"I can tell you there is a presumed influenza-related death," said Terry Burger, R.N. "We are working to get that confirmation."
Burger is the infection control director for the Lehigh Valley Health Network. The infant's death occurred here last weekend.
Citing privacy issues, Burger said the hospital cannot release if the child had been vaccinated. Nor can it say if he or she had any chronic underlying health problems that might have increased risk.
With the recent uptick in possible flu cases crowding emergency rooms, Lehigh Valley opened a tent, a mobile emergency room, on Monday.
Since then is has seen about 20 patients a day with mild flu symptoms. Most are given a prescription for Tamiflu and sent home.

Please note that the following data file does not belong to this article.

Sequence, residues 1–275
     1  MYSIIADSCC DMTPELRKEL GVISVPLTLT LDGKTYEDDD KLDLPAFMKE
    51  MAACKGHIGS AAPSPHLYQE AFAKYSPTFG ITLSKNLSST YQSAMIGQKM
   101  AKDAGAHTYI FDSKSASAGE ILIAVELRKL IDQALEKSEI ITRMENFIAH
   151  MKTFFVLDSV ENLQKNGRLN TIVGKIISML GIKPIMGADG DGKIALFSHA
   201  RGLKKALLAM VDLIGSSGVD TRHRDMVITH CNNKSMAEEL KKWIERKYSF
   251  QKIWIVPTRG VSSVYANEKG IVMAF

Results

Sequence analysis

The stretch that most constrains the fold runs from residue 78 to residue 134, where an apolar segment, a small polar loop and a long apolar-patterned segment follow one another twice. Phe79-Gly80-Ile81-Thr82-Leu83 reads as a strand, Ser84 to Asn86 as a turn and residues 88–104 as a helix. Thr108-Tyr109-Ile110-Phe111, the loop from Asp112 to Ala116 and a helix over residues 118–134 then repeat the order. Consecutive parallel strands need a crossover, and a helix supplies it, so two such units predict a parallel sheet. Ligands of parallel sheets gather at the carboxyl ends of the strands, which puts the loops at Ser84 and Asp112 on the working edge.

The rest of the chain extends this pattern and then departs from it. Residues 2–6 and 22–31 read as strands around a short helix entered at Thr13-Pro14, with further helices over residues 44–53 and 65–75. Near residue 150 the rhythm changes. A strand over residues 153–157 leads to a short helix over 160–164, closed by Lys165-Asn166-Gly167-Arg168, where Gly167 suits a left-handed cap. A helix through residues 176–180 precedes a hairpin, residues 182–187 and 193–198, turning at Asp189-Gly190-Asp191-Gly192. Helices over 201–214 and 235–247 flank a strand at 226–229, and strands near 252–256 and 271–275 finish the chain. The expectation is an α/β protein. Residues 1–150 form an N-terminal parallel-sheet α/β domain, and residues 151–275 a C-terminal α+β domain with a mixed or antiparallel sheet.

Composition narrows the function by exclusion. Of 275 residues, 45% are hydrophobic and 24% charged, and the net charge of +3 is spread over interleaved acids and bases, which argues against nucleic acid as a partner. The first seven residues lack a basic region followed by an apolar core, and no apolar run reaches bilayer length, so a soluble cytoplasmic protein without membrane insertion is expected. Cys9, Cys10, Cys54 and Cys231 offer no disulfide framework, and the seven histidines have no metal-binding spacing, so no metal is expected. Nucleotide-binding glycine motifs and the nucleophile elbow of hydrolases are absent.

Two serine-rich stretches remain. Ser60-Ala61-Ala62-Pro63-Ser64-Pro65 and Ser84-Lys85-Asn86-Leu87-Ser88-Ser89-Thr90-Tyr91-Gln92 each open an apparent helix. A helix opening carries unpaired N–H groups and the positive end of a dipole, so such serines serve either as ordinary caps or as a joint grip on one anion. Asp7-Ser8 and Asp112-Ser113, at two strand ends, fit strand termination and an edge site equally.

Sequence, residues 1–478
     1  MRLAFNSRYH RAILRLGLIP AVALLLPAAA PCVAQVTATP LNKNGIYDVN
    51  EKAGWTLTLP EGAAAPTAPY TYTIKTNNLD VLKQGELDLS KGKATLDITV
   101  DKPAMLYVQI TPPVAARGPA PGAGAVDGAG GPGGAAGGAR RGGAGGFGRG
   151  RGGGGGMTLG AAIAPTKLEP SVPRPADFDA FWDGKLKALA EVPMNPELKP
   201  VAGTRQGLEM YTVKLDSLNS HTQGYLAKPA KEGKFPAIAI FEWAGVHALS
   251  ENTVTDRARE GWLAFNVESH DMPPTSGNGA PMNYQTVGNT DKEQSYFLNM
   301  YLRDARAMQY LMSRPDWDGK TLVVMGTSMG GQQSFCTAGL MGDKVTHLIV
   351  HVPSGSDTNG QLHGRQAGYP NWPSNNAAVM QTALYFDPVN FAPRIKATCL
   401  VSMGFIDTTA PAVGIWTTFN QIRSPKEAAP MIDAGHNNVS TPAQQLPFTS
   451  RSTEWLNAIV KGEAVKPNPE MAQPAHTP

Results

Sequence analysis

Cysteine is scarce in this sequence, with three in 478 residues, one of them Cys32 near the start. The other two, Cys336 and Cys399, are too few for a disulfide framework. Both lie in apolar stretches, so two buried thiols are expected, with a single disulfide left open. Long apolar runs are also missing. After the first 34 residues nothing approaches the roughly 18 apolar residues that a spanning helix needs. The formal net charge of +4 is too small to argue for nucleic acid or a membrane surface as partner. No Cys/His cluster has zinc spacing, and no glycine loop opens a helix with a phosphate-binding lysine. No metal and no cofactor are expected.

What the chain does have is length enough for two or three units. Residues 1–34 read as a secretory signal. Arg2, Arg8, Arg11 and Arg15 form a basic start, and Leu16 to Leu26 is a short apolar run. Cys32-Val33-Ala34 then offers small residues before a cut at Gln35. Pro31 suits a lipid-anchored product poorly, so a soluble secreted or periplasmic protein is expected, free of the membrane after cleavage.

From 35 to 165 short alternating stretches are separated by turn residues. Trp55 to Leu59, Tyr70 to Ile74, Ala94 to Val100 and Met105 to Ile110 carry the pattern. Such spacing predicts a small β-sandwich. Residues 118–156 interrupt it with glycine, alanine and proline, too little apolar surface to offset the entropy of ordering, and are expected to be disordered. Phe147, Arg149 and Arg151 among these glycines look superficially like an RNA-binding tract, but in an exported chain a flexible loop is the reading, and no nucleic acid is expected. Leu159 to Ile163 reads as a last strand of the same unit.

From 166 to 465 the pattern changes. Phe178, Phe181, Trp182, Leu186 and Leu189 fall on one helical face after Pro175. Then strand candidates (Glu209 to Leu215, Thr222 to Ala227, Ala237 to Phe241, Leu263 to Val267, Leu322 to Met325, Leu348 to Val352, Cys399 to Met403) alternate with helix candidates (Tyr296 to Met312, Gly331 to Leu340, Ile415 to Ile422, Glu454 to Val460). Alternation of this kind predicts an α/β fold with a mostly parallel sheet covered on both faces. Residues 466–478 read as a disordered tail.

Authorities continue to urge people get a flu vaccination. It takes about 2 weeks for it to become effective, and effectiveness seems varies from person to person.
Nothing is perfect.
"The problem is, the vaccine is 70 to 90 percent effective in most people and based on your age and underlying illnesses," said Burger. "It is not 100 percent effective for everyone."
Among the issues that can compromise a vaccine are: medications, such as those used in chemotherapy; and age, because the very old and very young can face elevated risks.
Still, the thinking is that even partial protection from a vaccine is better than no protection at all.
"Pretty much the indication is, if you get the vaccination, hopefully your disease will not be as severe and you won't have as many complications," said Burger.